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Anticipatory analysis and its alternatives in life-course research

Author

Listed:
  • Jan M. Hoem

    (Stockholms Universitet)

  • Michaela Kreyenfeld

    (Hertie School of Governance)

Abstract

In the second part of these reflections, we use the connection between marriage and first childbearing to demonstrate further issues involved in anticipatory analysis. We show that an anticipatory approach cannot be used to represent intentionality: People may marry with the intention of having a child, but the analyst should be wary of using anticipatory analysis to pick that up.

Suggested Citation

  • Jan M. Hoem & Michaela Kreyenfeld, 2006. "Anticipatory analysis and its alternatives in life-course research," Demographic Research, Max Planck Institute for Demographic Research, Rostock, Germany, vol. 15(17), pages 485-498, November.
  • Handle: RePEc:dem:demres:v:15:y:2006:i:17
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    File URL: https://www.demographic-research.org/volumes/vol15/17/15-17.pdf
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    References listed on IDEAS

    as
    1. Courgeau, Daniel & Lelievre, Eva, 1993. "Event History Analysis in Demography," OUP Catalogue, Oxford University Press, number 9780198287384.
    2. Jan M. Hoem & Michaela Kreyenfeld, 2006. "Anticipatory analysis and its alternatives in life-course research," Demographic Research, Max Planck Institute for Demographic Research, Rostock, Germany, vol. 15(16), pages 461-484, November.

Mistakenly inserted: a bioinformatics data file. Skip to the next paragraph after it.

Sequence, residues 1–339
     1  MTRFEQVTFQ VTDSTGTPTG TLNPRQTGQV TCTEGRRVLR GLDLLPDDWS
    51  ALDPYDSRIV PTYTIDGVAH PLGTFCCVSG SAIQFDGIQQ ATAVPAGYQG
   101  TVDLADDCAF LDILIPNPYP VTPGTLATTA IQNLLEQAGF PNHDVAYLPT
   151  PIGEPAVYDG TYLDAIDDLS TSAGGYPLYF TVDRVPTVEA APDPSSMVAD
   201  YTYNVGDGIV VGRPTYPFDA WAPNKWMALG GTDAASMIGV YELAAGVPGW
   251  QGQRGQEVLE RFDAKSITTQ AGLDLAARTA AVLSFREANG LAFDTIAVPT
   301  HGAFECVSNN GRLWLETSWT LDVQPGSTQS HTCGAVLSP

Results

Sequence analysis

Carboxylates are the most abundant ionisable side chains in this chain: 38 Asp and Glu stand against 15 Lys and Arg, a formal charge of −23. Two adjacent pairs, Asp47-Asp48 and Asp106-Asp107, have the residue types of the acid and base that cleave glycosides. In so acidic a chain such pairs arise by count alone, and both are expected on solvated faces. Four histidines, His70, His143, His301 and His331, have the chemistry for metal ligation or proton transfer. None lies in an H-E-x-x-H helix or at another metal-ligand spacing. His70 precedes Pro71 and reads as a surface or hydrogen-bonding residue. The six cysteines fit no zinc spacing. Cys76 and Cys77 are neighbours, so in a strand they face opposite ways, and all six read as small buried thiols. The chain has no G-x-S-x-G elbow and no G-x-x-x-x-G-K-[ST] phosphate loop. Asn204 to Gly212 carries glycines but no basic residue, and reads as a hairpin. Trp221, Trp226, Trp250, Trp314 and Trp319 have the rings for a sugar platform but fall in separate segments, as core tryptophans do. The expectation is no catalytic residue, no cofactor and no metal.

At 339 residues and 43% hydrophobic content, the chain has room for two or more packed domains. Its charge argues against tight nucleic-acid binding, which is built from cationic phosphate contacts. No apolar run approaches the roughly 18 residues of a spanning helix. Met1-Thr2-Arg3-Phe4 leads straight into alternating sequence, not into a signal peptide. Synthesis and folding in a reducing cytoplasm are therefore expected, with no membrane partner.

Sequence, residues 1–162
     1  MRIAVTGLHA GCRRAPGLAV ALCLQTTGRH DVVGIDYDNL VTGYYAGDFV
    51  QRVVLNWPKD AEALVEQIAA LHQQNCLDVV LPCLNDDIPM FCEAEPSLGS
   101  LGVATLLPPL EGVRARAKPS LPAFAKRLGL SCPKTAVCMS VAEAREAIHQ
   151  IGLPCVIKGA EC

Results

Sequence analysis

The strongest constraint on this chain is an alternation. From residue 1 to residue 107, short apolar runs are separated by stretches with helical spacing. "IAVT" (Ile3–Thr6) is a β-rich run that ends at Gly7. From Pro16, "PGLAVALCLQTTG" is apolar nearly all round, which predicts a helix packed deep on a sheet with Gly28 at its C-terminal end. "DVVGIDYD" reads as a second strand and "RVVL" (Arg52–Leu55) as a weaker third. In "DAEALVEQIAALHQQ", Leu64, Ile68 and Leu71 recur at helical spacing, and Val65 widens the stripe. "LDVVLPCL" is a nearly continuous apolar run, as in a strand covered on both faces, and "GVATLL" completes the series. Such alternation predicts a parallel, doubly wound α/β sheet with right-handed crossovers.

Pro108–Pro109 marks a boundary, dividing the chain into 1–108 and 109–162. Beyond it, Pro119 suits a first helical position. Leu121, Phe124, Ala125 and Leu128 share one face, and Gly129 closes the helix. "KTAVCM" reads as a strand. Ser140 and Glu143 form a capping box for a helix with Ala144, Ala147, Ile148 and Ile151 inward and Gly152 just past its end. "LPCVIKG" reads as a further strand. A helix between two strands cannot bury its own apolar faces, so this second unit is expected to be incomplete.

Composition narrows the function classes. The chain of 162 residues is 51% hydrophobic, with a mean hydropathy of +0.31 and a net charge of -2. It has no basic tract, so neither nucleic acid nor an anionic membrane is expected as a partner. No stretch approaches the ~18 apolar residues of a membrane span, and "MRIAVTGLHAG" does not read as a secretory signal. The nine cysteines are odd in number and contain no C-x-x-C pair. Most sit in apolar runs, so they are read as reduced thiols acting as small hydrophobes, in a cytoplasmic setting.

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    Citations

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    Cited by:

    1. Anja Vatterrott, 2015. "Socialisation or Institutional Context: What Determines the First and Second Birth Behaviour of East–West German Migrants?," European Journal of Population, Springer;European Association for Population Studies, vol. 31(4), pages 383-415, October.
    2. Martin Klesment & Allan Puur & Leen Rahnu & Luule Sakkeus, 2014. "Varying association between education and second births in Europe," Demographic Research, Max Planck Institute for Demographic Research, Rostock, Germany, vol. 31(27), pages 813-860, October.
    3. David P. Lindstrom & Silvia E. Giorguli-Saucedo, 2007. "The interrelationship of fertility, family maintenance and Mexico-U.S. Migration," Demographic Research, Max Planck Institute for Demographic Research, Rostock, Germany, vol. 17(28), pages 821-858, December.
    4. David Clifford, 2009. "Spousal separation, selectivity and contextual effects: exploring the relationship between international labour migration and fertility in post-Soviet Tajikistan," Demographic Research, Max Planck Institute for Demographic Research, Rostock, Germany, vol. 21(32), pages 945-975, December.
    5. Doreen Huschek & Helga A. G. de Valk & Aart C. Liefbroer, 2010. "Timing of first union among second-generation Turks in Europe," Demographic Research, Max Planck Institute for Demographic Research, Rostock, Germany, vol. 22(16), pages 473-504, March.
    6. Eleonora Mussino & Alyson A. van Raalte, 2008. "Fertility of migrants: a comparative study between Italy and Russia," MPIDR Working Papers WP-2008-026, Max Planck Institute for Demographic Research, Rostock, Germany.